#6. GEOGRAPHY MATTERS: Pennsylvania is a state of enormous size and scope. Almost one in 20 Americans is a Pennsylvanian, about 12 million people in all. Just the physical logistics of running statewide is daunting. The state is spatially immense, running some 300 miles east to west and some 200 miles north to south. The sheer number of municipalities compounds its size–there are over 2400 of them -- and by the multiplicity of state media markets -- there are six of them, including two of the largest (and most expensive) in the nation. If you run for office in Pennsylvania, you run a lot.
#5. URBAN-RURAL CONFLICTS PREVAIL: A political fault line exists between rural and urban Pennsylvania. Despite boasting two urban behemoths, Pittsburgh and Philadelphia, the state also has the largest rural population in the country, spread out over 65 counties between Philadelphia and Allegheny. This big city-small town combination has been the source of endless cultural conflicts over issues like abortion, guns, education and welfare. Increasingly growth in the suburbs frames political issues in Pennsylvania. But, the rural- urban still divide defines much that is important about Pennsylvania politics.
#4.KNOW YOUR BASE: Base politics is still important in Pennsylvania. Both major parties maintain their traditional geographic areas of voter support, albeit they are sometimes wobbly. The Republican base is in the Philadelphia suburbs, central Pennsylvania, and the so-called “T," the geographic expanse running north and south along the Susquehanna and east to west across the northern tier from Ohio to New Jersey. The Democrat base consists of Philadelphia proper, plus Pittsburgh, and large areas of the southwest. The Lehigh Valley and sometimes the northeast are the swing areas in statewide elections. In recent elections Republicans have been much more successful than Democrats at “winning the base," which largely explains how they have come to dominate state government despite having some 500,000 fewer party registrations.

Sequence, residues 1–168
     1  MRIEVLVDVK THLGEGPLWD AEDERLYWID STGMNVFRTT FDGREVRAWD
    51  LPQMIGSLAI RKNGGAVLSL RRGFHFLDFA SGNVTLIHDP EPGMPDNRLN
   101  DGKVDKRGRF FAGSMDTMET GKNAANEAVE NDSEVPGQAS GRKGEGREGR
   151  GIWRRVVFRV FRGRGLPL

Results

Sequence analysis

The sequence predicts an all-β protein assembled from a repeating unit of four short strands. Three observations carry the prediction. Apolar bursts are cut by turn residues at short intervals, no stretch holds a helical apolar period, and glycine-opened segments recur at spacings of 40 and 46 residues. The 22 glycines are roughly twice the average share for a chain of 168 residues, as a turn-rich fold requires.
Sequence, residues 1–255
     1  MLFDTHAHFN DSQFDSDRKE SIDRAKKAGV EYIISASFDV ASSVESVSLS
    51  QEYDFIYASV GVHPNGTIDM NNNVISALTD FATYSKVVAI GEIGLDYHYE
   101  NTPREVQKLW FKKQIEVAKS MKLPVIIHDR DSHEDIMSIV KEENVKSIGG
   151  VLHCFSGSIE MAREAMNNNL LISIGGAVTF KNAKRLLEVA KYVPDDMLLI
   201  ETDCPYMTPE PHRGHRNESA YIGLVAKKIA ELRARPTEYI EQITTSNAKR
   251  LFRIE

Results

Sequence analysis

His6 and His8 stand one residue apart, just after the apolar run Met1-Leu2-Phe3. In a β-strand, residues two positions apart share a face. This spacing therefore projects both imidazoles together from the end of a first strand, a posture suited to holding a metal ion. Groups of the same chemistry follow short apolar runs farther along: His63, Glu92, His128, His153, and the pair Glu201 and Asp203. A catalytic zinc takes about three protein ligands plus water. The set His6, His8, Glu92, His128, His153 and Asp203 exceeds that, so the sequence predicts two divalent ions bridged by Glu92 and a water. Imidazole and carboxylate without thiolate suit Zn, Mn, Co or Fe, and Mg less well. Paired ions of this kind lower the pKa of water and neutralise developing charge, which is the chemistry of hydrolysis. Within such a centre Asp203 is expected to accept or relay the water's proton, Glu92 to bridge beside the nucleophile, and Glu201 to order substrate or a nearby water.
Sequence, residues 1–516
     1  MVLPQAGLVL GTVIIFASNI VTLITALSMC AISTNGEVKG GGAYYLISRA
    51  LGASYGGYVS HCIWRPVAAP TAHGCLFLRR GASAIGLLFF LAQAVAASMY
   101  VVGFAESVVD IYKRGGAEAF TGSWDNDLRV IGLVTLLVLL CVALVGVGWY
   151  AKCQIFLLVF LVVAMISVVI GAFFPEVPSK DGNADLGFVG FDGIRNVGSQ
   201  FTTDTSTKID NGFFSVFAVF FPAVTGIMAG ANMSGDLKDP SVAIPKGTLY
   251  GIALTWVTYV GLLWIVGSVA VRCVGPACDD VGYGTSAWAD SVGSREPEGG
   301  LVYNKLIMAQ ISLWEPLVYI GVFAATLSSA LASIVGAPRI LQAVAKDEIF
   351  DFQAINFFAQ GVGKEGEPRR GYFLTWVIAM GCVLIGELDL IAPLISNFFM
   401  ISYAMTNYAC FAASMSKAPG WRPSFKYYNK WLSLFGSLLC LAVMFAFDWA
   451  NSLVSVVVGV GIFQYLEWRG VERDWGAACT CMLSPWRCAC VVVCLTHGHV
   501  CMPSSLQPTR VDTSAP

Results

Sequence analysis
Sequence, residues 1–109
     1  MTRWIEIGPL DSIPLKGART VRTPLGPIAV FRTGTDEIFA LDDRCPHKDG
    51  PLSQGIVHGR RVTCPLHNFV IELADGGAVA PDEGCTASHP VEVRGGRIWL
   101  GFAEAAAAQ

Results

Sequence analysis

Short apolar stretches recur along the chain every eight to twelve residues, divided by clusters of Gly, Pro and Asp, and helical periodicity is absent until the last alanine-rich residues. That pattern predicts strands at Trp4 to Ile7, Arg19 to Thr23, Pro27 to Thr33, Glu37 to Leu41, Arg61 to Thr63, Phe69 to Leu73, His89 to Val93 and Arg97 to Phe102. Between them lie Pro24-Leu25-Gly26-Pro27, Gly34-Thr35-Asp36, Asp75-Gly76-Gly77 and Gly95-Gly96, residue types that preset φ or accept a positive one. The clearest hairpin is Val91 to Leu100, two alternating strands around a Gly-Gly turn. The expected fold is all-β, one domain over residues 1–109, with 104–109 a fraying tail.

#3. AVOID IDEOLOGY: Ideology and ideologues are a hard sell in Pennsylvania. True, both abortion and guns have been rending issues. But mostly neither right wing nor left wing zealots do well here, in a state where even third party candidates try to run toward the center. Politics is pragmatic rather than doctrinaire – more concerned with who wins and who loses rather than with great ideas or soaring rhetoric. Run too far to the right or too far to the left, you will certainly lose. Moderates who hide their ideology amidst a plethora of positive policy programs do the best.
#2 WEST IS BEST: Regional cleavages significantly influence the outcome of statewide elections. None of these is more important than the west vs. the east slugfests that regularly are featured in state elections. Historically, economically, culturally, and, to some extent, demographically east and west are distinct areas of the state These differences play themselves out politically in two key patterns: the tendency for westerners to vote more than easterners in state elections; and the tendency for westerners to disproportionately vote for other westerners over easterners. You don’t have to be from the west to win an election, but it helps a good deal you are.
#1.COMPETITIVENESS IS KEY: Pennsylvania is a competitive two party state, a point that needs to be reinforced in this period of Republican hegemony. Party competitiveness means that for any given election, either party can win. In fact, a high proportion of statewide elections are 53-47 or 55-45 affairs. Landslides are rare, even with popular incumbents running. Count on a close election. Generally it will be.
Politically Uncorrected™ is published twice monthly. Dr. G. Terry Madonna is a Professor of Public Affairs at Franklin & Marshall College, and Dr. Michael Young is a former Professor of Politics and Public Affairs at Penn State University and Managing Partner at Michael Young Strategic Research. The opinions expressed in this article are solely those of the authors and do not necessarily reflect the opinions of any institution or organization with which they are affiliated. This article may be used in whole or part only with appropriate attribution. Copyright © 2001 Terry Madonna and Michael Young.